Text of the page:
How to take photos of food in a restaurant
I recently read a blog post by Nicole S. Young on tips for photographing food in a restaurant. Nicole is fantastic at capturing food and I love her work. I own, and reference, her well-written book on general food photography. I was anxious to read her restaurant tips, as most of the time when I take food photos I’m seated in a restaurant. Her advice is excellent, but as I read her article I realized that the type of photos I take in restaurants—and the reasons I take them—are a bit different than hers. I thought creating my own post with tips on what I’ve learned taking photos in restaurants might be useful to anyone who wants to shoot food for the same reasons, and in similar places, that I do.
My partner and I enjoy eating at many different types of restaurants—from casual places to hidden gems to fancy establishments that have earned Michelin stars. It’s the latter—the high-end restaurants—that I think require a bit more consideration. I appreciate good food and getting the chance to try new and innovative preparations, but photographing in such places is as much about the unique experience as it is the food. The art of presentation, service, and hospitality are all part of the equation. So, for me, when photographing in a restaurant, I often feel like I’m capturing a special event, not just good-looking food.
I feel like there are two main challenges to taking pictures in a nice restaurant. The first is whether or not I should even bring a camera in the door. If the environment is too formal or I feel like it might be impolite to be clicking away with a big camera, I won’t even bring one. It’s sometimes hard to know ahead of time, but a quick peek at the restaurant’s website will at least let you know if there’s a policy against cameras. I usually read a few reviews to see if someone hints one way or another and I’ll also see if I can find others’ photos from the restaurant. If there are already photos online there’s a good chance it’s ok. But regardless of whether or not it’s “ok” if the vibe doesn’t feel right, I’ll leave my camera in my bag and enjoy my meal. I get this feeling a lot in Japan, especially with sushi. It just feels impolite to use my big camera in a tiny sushi bar and then eat with my hands!
Once the camera is in the door and I’ve decided it’s ok to use, the second biggest challenge is light. Food usually looks its best in bright, white light. Take a look at the images in food magazines and cookbooks! Unfortunately, only very rarely do I find myself in a fancy restaurant where the table is lit for a proper photo shoot, and of course I’m not going to bring my own light (please, do not use a flash in a restaurant!). So, I make do with what I have. My partner already knows that if one seat at our table has better light I get it, but apart from that I can only be prepared with the right camera and right lens. Although smart phones are small and convenient, taking photos in a dark environment with an iPhone is probably not going to yield the best results. This is why I carry my big DSLR to dinner. The big, full-frame sensors in the newest DSLRs perform amazingly well in low light, capturing plenty of detail with little noise. I feel like a camera with a big sensor and decent ability to focus in low light at least gives me a fighting chance.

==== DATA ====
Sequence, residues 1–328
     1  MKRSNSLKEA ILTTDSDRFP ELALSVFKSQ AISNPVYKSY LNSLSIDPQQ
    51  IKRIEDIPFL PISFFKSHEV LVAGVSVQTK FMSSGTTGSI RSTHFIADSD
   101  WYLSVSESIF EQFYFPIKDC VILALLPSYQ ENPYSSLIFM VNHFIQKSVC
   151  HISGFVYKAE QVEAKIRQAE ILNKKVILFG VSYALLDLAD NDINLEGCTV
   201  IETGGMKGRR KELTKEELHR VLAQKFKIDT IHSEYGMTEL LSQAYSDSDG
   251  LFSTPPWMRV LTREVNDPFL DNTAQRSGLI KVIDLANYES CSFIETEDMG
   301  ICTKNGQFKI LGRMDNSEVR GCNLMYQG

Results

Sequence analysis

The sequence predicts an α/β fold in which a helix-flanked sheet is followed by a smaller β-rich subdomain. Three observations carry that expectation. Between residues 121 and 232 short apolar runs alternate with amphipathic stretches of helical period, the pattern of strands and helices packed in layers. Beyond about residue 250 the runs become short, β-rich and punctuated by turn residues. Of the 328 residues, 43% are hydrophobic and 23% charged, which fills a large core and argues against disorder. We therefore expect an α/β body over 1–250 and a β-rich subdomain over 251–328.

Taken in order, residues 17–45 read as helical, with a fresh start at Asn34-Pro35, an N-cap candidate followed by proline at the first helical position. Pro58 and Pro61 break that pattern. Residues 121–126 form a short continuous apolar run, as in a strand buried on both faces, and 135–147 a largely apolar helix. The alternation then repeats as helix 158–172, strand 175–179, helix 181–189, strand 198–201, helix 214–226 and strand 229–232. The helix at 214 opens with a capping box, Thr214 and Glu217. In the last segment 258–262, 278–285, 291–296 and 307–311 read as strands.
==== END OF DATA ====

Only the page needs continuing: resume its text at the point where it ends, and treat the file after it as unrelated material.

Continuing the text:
I’ve used a few different lenses for food in restaurants in an attempt to find something that works well. When deciding on a lens a number of factors come into play such as: minimum focus distance, field of view, and maximum aperture. The most important might be minimum focus distance, and it’s probably the one that most people overlook. When seated at a table, my eyes are about 18 inches away from my plate. This means that I need my food lens to be able to focus closer than 18 inches (ideally, less than a foot) so I can shoot without needing to lean back or stand up. Second most important factor, and the one that we normally think about when choosing a lens, is field of view. As in portrait photography, most food photographers like to use a long-ish lens when shooting food. Dishes can start to look weird and distort if shot too close with a wide-angle lens, plus the compression from a longer lens is usually nice. The problem in a restaurant, of course, is that we want to remain seated. That 70-200mm is out of the question! Lastly, maximum aperture. Going with a prime lens with maximum aperture of f/1.4-f/2 is probably the best bet. If I’m in a dark environment, being able to open up to f/2 or more is a nice crutch. For food, most of the time, I like to stop down a bit if I can. I get more in focus and generally a sharper image overall. However, if there’s not enough light, I do like the ability to open up wide. Also, there are more creative options available at the wider apertures.